“> doesnt exist. > means -> imo”

    there are definitely some typical styles or methods of transition, some much smoother and more musically complex than others

    doesn’t always mean better, but there is a spectrum or range in terms of how they play out

    but if you’re really getting into it, two symbols isn’t enough for all the subtypes

    need ~> and [[—–>> and stuff

  18. Corey Says:

    It’s more fun to NOT label tapes (err, computer files) that way.

    THAT way, when the “segues” happen you are surprised and/or confused.

  19. Mr. Completely Says:

    when writing by hand I do a full arrow –> bc it looks nicer

    on the computer I do > bc its one less keystroke

  20. lastwaltzer Says:


    Word, this i agree with this
    ” for one thing, “skill” per se almost always declines longterm when an artist is getting high all the time, after a quick peak and plateau

    skill in the technical-execution sense, that is

    Playing technically proficient ensemble improv, it seems, requires a very specific kind of flow mindstate. Kind of hyperaware.

    There’s no doubt many musicians over the decades have suddenly started improvising much more freely in the years right after they start using.”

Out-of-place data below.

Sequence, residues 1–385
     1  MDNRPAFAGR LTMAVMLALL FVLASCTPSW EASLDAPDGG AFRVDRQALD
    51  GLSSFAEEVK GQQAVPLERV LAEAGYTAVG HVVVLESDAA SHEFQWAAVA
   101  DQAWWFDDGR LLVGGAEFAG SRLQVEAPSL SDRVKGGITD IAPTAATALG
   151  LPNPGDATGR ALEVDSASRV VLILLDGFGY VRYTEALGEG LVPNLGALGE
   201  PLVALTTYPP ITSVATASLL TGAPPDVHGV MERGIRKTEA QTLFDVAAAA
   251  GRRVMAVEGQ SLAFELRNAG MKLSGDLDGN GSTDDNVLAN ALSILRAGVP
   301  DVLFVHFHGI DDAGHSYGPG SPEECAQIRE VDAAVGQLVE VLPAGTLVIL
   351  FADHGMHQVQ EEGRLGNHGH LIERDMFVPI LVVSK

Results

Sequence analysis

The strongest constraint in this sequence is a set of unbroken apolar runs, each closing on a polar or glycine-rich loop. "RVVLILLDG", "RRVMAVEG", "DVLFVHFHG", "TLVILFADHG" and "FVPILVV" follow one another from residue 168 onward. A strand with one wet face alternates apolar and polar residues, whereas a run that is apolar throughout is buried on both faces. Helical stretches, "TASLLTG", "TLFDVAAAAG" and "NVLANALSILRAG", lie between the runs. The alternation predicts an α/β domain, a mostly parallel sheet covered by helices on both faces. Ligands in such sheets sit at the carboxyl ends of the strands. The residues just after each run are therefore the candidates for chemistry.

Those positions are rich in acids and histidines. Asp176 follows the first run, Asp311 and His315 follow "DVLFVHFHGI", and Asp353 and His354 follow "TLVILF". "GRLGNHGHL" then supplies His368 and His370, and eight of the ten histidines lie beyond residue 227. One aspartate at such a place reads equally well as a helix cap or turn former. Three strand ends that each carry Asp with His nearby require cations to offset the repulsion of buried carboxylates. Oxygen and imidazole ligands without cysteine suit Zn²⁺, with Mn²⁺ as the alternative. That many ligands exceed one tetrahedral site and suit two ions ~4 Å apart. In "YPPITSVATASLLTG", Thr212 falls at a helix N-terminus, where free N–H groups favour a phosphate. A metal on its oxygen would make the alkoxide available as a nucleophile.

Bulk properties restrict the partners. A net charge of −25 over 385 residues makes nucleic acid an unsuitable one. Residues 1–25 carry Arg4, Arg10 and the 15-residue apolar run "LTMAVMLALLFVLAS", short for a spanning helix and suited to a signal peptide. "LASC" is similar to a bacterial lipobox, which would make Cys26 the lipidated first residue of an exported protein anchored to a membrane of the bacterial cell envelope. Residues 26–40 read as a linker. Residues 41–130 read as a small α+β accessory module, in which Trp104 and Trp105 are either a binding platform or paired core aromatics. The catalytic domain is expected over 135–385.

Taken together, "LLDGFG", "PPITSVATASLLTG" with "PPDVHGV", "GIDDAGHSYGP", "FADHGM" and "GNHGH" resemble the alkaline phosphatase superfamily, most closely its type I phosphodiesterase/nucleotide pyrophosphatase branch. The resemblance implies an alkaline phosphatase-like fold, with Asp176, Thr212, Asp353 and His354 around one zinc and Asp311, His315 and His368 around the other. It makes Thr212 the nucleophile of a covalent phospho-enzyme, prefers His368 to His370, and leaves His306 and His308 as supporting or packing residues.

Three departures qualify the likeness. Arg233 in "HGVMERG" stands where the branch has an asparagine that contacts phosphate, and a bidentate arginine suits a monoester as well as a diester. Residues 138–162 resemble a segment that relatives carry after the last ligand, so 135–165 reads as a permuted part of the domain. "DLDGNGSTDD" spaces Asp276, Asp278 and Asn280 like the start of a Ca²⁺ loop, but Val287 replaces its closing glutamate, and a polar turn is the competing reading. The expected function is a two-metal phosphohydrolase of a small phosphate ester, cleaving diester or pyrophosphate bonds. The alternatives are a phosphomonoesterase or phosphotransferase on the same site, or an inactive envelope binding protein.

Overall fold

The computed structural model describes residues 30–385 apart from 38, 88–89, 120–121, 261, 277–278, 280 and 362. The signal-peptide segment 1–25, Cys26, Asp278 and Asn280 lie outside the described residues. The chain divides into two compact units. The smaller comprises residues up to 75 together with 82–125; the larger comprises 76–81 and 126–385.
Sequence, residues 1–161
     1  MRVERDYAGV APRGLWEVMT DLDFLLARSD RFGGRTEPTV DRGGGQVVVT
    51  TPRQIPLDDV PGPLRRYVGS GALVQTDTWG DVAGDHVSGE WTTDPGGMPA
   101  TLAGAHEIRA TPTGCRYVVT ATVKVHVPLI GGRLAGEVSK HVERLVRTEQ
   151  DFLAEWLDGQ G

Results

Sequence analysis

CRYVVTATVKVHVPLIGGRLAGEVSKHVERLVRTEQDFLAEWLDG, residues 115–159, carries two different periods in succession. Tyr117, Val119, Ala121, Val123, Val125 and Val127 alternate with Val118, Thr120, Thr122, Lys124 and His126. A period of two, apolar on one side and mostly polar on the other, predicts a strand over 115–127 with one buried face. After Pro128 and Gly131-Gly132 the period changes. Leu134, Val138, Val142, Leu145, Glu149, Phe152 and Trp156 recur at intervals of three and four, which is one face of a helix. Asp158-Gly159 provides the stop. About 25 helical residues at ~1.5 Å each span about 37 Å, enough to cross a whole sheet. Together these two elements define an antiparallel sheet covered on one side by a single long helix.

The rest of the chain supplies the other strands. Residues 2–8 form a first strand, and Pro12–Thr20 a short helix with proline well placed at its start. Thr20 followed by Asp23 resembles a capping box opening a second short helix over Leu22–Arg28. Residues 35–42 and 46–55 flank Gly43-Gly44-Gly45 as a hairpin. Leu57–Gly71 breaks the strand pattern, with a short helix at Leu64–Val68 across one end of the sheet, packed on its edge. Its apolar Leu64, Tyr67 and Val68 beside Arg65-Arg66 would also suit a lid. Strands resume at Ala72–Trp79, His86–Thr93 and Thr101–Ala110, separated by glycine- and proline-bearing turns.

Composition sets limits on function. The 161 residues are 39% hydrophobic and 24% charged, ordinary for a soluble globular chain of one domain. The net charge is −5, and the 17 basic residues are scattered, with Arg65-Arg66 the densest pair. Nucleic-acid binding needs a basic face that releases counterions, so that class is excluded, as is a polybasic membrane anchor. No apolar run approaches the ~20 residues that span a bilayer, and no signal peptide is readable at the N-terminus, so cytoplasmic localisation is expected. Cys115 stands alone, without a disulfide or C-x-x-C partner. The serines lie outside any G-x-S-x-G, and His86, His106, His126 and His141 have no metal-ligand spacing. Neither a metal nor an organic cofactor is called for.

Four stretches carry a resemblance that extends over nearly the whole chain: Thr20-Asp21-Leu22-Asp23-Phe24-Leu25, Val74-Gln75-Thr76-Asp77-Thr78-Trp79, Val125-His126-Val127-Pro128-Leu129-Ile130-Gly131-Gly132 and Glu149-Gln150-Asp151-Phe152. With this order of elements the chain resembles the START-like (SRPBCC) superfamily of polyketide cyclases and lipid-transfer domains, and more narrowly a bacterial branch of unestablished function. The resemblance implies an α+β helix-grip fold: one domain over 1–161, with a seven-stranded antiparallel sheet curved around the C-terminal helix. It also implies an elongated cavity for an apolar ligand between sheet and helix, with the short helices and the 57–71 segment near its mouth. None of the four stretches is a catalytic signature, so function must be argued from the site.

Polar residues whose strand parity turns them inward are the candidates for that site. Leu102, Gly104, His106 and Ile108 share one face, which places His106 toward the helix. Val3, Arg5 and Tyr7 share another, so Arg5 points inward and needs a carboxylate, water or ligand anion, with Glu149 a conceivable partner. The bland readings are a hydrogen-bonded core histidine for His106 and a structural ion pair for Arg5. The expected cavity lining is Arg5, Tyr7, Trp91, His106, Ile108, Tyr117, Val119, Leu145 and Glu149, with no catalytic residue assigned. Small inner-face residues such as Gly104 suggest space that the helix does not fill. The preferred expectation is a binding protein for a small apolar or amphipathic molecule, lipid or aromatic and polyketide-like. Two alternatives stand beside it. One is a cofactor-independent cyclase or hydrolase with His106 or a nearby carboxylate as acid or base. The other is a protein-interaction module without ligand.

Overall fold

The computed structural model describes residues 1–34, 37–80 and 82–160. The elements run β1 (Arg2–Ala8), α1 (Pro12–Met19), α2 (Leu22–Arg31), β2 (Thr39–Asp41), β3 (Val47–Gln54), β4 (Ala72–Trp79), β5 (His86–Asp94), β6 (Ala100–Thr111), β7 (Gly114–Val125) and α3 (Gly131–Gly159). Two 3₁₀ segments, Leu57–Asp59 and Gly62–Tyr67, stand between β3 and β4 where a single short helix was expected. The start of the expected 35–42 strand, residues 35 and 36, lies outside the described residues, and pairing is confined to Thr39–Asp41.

That being said I’m sure you can name a ton of great improvisers who stopped using drugs and continued to make incredible music, Trey has the potential to be no different. Thats all I was saying. And it sounds like you agree with that.

    I just think that now he is more in tune with making sure they are playing everything spot on, he wants all of the jams to be spot on.

  21. lastwaltzer Says:

    in short only a matter of time……….unless they stall.

  22. kayatosh Says:

    just look at setlists to see where they use > and where they use -> in writing out sets

  23. Mr. Completely Says:

    @corey, that’s why I intentionally mislabel all my files and CDs. Anything labelled “Phish” is actually Django Reinhardt. My actual Phish CDs are all labelled as baroque chamber music

  24. kayatosh Says:

    I’m in the camp that is frustrated with trey as much as I am delighted by his play. There seems to be too many trey centric jams and trey relying too much on his “bag o’ riffs” to fill space. Granted, it’s challenging, if not impossible, to spontaneously create fresh ideas and lines for extended lengths, and go to riffs need to be employed. but trey can become hackneyed quickly (hence the whale, same riffs with more bend) and needs to let the others step forward too. Or let there be space. a more democratic sound is needed. Mike is making a major effort to step up and make his voice heard, and has made many of these tunes more interesting. I think Page has something to say but gets routinely bulldozed.

  25. Lycanthropist Says:

    such is the plight of keyboard players kaya